BlackBerry CEO Chases BBM, Server Growth as Stock SurgesHugo Miller and Cornelius Rahn
BlackBerry Ltd. Chief Executive Officer John Chen has surprised skeptics and pleased investors by cutting costs and fueling a 56 percent surge in the smartphone maker’s stock.
Now he says his next priorities are ending losses in the hardware division and expanding instant messaging as he tries to turn around a company with falling sales and dwindling market share.
“I’ve got to get the devices business profitable, I’ve got to get the server business growing again, I’ve got to get BBM scaling,” Chen, 58, said last week in an interview during Mobile World Congress in Barcelona. “I have my hands full with a number of things to do.”
Not that he hasn’t been busy so far. Since being named CEO in November, Chen has reached an agreement with Foxconn Technology Group to outsource smartphone production and shored up cash by deciding to sell much of BlackBerry’s Canadian real estate. He’s also won over skeptical shareholders in part with his candid assessment about what needs to be fixed at Waterloo, Ontario-based BlackBerry.
“He’s done quite an impressive job, better than expected coming in, providing clear guidance in terms of direction of the company and taking action immediately,” said Philip Petursson, managing director at Manulife Asset Management. The Toronto-based firm oversees $263 billion in assets including BlackBerry shares. “It’s been well received in the marketplace, and that’s reflected in the stock price.”
Chen inherited a company that had been losing market share to rivals led by Apple Inc. for years and whose stock had tumbled more than 90 percent from its 2008 peak -- including on the day he was named CEO, when the company announced that an attempted $4.7 billion buyout had collapsed.
Since then, the shares have climbed 56 percent, giving BlackBerry a market value of $5.3 billion yesterday. That’s one of the best performances among new CEOs in the Nasdaq Composite Index. The average gain during the first four months on the job was 12 percent, according to data compiled by Bloomberg, based on a list of executive start dates in the last five years provided by Equilar, an executive compensation and corporate governance data company.
“There was quite a bit of an extreme negative view on BlackBerry, and now we were able to lay out a plan and show some execution,” Chen said in a follow-up conversation this week.
Much remains to be done, said Walter Todd, who oversees about $950 million at Greenwood Capital Associates LLC in Greenwood, South Carolina. The recent surge doesn’t mean that BlackBerry is in the clear just yet because the shares were already so low, he said.
“Can you stop the bleeding, can you keep things from getting worse? Sure,” Todd said. What Chen needs to prove is that BlackBerry can grow again, he said.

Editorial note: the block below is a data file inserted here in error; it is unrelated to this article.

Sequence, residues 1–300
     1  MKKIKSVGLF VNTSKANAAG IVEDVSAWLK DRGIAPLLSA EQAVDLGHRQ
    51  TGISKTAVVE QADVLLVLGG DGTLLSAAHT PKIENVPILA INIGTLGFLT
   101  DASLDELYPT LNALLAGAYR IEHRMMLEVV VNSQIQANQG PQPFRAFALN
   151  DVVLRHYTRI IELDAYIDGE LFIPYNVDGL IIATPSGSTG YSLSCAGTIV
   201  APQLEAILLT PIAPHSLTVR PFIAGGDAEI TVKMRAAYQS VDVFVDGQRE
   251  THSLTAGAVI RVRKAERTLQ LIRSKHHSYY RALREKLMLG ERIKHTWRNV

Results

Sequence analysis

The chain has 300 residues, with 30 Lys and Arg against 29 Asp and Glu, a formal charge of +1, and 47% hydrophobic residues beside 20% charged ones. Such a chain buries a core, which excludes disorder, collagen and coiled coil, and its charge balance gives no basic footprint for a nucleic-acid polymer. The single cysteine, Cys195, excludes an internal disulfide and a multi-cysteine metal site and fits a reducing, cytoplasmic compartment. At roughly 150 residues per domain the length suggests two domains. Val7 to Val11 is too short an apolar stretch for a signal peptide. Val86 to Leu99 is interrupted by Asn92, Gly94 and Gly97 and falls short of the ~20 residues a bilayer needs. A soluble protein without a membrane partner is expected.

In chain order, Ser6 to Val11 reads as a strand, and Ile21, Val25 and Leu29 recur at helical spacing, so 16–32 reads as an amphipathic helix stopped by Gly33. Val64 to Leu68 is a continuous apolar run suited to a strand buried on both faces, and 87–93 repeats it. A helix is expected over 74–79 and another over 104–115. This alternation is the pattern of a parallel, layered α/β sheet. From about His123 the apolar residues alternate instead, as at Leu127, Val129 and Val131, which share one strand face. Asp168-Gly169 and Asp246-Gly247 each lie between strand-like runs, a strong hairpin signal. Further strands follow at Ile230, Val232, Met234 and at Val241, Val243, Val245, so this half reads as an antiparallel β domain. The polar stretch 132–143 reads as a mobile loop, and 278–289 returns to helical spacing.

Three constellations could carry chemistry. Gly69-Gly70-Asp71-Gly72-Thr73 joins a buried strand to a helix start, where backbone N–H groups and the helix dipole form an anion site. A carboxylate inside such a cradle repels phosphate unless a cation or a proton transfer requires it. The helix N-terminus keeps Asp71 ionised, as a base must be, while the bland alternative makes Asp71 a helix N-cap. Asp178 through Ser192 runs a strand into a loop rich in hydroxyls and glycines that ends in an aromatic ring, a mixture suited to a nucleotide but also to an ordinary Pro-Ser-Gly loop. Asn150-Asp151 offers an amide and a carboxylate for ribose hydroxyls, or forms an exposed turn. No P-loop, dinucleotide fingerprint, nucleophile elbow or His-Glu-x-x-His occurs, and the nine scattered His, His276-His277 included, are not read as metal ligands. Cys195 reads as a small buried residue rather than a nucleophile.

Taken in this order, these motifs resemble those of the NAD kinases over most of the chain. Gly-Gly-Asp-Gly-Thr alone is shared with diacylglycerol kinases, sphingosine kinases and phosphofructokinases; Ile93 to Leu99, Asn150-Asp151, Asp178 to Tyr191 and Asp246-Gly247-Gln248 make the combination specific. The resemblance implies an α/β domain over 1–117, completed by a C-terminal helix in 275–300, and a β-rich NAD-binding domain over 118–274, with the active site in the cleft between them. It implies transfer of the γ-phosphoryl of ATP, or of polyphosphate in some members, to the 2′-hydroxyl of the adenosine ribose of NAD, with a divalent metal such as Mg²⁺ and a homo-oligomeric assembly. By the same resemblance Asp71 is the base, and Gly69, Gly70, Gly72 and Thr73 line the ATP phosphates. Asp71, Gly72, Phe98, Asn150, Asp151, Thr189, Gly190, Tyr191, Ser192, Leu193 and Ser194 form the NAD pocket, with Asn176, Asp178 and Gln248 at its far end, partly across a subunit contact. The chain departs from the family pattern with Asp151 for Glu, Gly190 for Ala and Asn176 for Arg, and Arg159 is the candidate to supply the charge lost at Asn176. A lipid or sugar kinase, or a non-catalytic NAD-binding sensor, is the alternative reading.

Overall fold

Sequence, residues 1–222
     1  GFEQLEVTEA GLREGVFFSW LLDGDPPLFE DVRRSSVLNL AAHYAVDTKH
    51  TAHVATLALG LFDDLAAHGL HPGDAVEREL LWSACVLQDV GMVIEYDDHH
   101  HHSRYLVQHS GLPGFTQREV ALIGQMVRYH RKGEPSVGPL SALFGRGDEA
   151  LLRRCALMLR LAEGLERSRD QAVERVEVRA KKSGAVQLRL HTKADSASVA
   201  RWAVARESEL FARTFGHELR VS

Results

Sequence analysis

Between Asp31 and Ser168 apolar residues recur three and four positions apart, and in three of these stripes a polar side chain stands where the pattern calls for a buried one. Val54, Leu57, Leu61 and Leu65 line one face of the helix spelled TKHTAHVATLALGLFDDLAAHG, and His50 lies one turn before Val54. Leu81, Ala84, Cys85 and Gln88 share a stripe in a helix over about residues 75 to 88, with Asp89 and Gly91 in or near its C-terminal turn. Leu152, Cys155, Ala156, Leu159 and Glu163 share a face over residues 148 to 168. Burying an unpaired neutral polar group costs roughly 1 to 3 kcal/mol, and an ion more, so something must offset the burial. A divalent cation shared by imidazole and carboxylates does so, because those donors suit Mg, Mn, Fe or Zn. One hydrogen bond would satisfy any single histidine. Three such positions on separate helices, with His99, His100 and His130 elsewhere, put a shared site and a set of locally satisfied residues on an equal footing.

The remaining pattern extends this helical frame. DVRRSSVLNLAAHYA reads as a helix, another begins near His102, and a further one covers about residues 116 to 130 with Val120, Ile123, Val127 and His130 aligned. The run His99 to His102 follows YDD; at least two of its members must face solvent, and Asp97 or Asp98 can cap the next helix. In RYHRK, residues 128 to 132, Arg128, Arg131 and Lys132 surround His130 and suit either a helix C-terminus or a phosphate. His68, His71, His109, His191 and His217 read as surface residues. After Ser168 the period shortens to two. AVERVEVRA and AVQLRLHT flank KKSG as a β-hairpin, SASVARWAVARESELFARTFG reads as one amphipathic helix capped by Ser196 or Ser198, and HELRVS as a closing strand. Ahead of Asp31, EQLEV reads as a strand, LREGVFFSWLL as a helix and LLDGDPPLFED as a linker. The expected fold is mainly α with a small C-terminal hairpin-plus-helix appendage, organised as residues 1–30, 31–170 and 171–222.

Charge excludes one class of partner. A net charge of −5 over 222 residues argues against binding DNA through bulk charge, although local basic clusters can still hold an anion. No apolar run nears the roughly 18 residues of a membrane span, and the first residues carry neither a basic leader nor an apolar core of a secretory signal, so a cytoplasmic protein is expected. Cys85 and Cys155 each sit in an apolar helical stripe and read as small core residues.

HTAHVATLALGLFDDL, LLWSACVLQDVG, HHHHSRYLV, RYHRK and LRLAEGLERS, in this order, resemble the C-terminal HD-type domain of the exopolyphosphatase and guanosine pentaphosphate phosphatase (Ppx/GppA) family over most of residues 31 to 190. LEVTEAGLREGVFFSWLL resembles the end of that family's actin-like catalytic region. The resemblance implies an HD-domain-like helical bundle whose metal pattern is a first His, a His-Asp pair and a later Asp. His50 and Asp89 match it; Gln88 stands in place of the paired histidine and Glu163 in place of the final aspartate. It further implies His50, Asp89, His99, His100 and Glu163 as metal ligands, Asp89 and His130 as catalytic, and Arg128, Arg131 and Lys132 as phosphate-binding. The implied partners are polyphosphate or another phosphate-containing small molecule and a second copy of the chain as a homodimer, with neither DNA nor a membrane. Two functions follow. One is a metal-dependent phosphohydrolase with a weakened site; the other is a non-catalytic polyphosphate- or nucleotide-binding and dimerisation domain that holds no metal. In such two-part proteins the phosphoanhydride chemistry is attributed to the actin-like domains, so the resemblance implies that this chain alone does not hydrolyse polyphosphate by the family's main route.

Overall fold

“If he can show that he’s stabilized the business, then that that would open the door for” BlackBerry to become a takeover target again, Todd said.
Chen says that while he has no current plans to put BlackBerry back on the block, he won’t rule out eventually selling the instant-messaging business.
Chen honed his turnaround skills at software maker Sybase Inc. before selling it to SAP AG for $5.8 billion. Long before that, as a high-school student in Hong Kong, he got his first taste of strategy playing in bridge club tournaments.
“It’s really not about how good a hand you’ve been dealt,” he said. “It’s about how you do the best with the hand you have. It’s an interesting parallel with life, and it’s an interesting parallel with work for sure.”
Raised in Hong Kong after his family fled the Communist takeover of mainland China, he left the former British colony in his last year of high school to come to the U.S and enroll at Northfield Mount Hermon, a boarding school in Massachusetts.
“It was a complete foreign language, foreign culture,” he recalls. “I loved the change.”
Chen stayed on the East Coast to do a bachelor’s degree in electrical engineering at Brown University before completing a master’s degree at the California Institute of Technology. His first job after graduating was as a design engineer at Unisys Corp. Stints at Pyramid Technology Corp. and Siemens AG followed before he joined Sybase.
In one of his earliest moves as CEO of BlackBerry, Chen announced a deal for Foxconn to help design, produce and distribute new BlackBerrys over the next five years. The deal lets BlackBerry share inventory risk with Foxconn in exchange for a bigger chunk of the profit on each phone sold.
Even though the Foxconn agreement was announced early on the morning of Dec. 20, some investors didn’t appreciate its significance until Chen spelled it out during his first earnings call, said Eric Jackson, president of Toronto-based hedge fund Ironfire Capital.